English really captures the ambiguity between intention and prediction which the active inference framework rests upon. It is unfortunate that the word “expectation” also has a technical meaning which is relevant to active inference, i.e. the mean of a probability distribution. Hence, we propose the term “expectance” to refer to the superclass of probabilistic beliefs and desires implicit in the active inference framework. In this language, active inference asserts that agents constantly behave so as to reduce the discrepancy between their expectances and reality; the resolution of discrepancy by changing internal variables is known as “updating one’s predictions”, while the resolution of discrepancy by changing reality is known as “acting on one’s environment”. Crucially, under active inference both of those dynamics are always occurring simultaneously. It is not necessary to pre-judge which of those dynamics will predominate by calling the expectance a “prediction” or an “intention” in advance of observing the outcome. The typical presentation of active inference states that agents behave so as to make their “predictions” come true. We believe this wording erases the distinction between internal and external resolution of expectance violation, in an unhelpful way. Intuitively, if an agent “predicts” its arm to move to the left, and the arm instead stays in place, we would expect it to change internally so as to make different predictions; no action on the world would be presupposed by the discrepancy. On the other hand, if the agent “intends” its arm to move to the left, and the arm instead stays in place, we would expect it to exert a greater force on its arm by contracting the relevant muscles. Of course, it is entirely possible that the agent could begin by attempting to move its arm and, in doing so, learn that its range of movement is restricted by external forces. The expectance violation can be resolved by coming to a halfway point in which the agent “updates its predictions” to reflect the fact that its movement is restricted, “modifies its intentions” to be consistent with what is achievable, and “acts on the world” by moving within its available range. Such an equilibrium can emerge naturally from a continuous-time process where informational free energy is minimised along distinct internal dimensions simultaneously. Recent discussions of active inference have tended to occur within the context of a neuroscientific theory known as the predictive coding hypothesis [9]. The predictive coding idea is essentially this: the main function of sensory neurons is to predict their sensory inputs (using efferent signals from higher brain regions) and report their prediction errors, with the consequence that afferent sensory signals are nonzero only when they carry new information. The hierarchical predictive coding hypothesis additionally posits that this mode of operation extends to multiple layers of neurons, with each layer providing input for the next. Friston states that, if one makes a number of (non-trivial) mathematical assumptions and approximations, active inference via informational free-energy minimisation can be implemented in a hierarchical predictive coding neural model. Within this hierarchical predictive coding model for active inference [16], efferent (motor) signals are treated similarly to other signals. The workings of this process can be a little difficult to understand at first; the idea is that the neural architecture imposes certain specific patterns of expectances on instantaneous kinesthetic sensations [13]. These expectances correspond to the 3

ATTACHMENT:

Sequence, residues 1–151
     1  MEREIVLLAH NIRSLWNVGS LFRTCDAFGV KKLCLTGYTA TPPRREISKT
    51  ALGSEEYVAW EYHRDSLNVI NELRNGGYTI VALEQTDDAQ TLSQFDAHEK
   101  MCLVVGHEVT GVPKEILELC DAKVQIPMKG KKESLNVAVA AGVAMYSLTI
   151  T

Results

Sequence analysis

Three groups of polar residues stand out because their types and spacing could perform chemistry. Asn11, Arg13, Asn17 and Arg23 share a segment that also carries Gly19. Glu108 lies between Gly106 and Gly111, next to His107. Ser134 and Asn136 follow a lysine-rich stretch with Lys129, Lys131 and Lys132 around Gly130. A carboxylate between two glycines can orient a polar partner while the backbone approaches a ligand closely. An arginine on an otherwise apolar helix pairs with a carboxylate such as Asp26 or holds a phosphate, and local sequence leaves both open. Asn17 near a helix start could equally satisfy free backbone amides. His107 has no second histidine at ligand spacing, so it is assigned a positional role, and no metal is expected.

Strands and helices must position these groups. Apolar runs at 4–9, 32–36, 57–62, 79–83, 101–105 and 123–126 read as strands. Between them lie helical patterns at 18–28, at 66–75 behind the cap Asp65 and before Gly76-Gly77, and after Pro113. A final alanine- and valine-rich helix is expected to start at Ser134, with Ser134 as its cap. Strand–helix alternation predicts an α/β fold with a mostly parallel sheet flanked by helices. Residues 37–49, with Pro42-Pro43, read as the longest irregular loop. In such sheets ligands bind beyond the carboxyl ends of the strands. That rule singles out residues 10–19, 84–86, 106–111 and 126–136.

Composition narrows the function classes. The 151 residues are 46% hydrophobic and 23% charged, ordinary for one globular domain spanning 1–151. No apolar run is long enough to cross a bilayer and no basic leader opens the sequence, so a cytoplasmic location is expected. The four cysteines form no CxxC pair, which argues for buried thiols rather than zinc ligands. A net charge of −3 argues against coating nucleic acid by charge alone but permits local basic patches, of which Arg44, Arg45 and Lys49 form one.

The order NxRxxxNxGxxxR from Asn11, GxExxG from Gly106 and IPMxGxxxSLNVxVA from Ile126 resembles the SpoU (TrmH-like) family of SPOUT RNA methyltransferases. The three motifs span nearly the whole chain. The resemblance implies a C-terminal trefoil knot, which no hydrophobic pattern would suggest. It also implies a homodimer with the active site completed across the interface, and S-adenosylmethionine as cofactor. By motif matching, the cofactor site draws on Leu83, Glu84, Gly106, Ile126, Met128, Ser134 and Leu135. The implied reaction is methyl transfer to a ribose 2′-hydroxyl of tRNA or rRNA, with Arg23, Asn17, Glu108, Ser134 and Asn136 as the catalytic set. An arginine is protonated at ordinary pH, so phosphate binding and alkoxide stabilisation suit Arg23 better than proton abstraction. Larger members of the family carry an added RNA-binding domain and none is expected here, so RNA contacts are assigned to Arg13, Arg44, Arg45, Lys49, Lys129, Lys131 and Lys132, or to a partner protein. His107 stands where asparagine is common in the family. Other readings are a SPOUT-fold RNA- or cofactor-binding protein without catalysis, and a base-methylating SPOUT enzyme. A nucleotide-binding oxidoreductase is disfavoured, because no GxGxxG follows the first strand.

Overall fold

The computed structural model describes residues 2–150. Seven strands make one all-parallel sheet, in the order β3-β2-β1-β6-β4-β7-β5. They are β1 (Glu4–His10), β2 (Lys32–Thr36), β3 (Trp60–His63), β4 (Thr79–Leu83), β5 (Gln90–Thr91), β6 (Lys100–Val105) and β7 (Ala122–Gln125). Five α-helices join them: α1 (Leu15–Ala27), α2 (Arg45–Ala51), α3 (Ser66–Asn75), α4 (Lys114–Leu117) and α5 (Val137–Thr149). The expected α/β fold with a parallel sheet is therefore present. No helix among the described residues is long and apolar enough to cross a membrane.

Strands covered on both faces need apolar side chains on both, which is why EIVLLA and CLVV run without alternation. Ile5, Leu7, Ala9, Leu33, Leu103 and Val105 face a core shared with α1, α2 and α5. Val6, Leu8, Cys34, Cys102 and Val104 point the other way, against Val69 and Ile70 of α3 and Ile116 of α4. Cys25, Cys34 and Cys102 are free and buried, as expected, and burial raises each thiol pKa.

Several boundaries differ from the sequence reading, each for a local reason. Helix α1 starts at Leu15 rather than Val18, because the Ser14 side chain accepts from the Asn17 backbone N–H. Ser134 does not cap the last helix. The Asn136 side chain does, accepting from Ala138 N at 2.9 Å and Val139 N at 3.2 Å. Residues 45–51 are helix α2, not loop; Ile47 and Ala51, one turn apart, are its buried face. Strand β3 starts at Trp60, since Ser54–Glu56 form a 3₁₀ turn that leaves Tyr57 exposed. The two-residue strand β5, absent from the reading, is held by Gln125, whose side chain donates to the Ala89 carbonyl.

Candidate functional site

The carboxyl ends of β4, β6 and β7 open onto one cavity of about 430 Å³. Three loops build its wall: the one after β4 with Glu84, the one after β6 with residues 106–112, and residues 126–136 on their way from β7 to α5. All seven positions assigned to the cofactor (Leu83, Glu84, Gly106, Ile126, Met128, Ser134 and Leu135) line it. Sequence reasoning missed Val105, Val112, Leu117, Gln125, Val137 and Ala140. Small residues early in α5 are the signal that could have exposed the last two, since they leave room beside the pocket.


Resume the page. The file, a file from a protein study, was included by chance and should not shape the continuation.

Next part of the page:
agent’s desired behaviour, such that the expectancy error directly becomes a motor signal. Unfortunately, it is not at all clear that a direct mapping between expectancy error on kinesthetic sensation and motor signal makes sense within a general framework of cognition. Firstly, the brain’s kinesthetic model is learned, rather than genetically determined, and consequently its relationships with motor signals need to be learned as well. For active inference to work as a universal explanatory principle, the formalism needs to be able to explain how this mapping arises in the first place; an isomorphism between the semantic meaning of motor signals and the semantic meaning of kinesthetic sensations cannot simply be assumed. Secondly, general theories of cognition ought to be widely relevant; their application cannot be restricted to humans, mammals or even animals. The principles which underlie adaptive behaviour extend also to plants, single-celled organisms, and arguably even to systems such as social insect colonies or nonbiological dissipative structures. How does one model the error in kinesthetic sensory expectance of a bacterium? Or a swarm of bees? This problem becomes most evident when one attempts to construct a minimal simulation based on active inference. Fortunately, the issue is caused by not intrinsic to the active inference framework itself, but only by the simplification which treats kinesthetic sensation as a special mode of sensation. If this assumption is not made, the free-energy equations give a general solution: filter the choice of action through the agent’s (current provisional) model of action’s effect on the whole of its sensorium. We show in this paper that such an approach works perfectly well for a simple simulated artificial agent.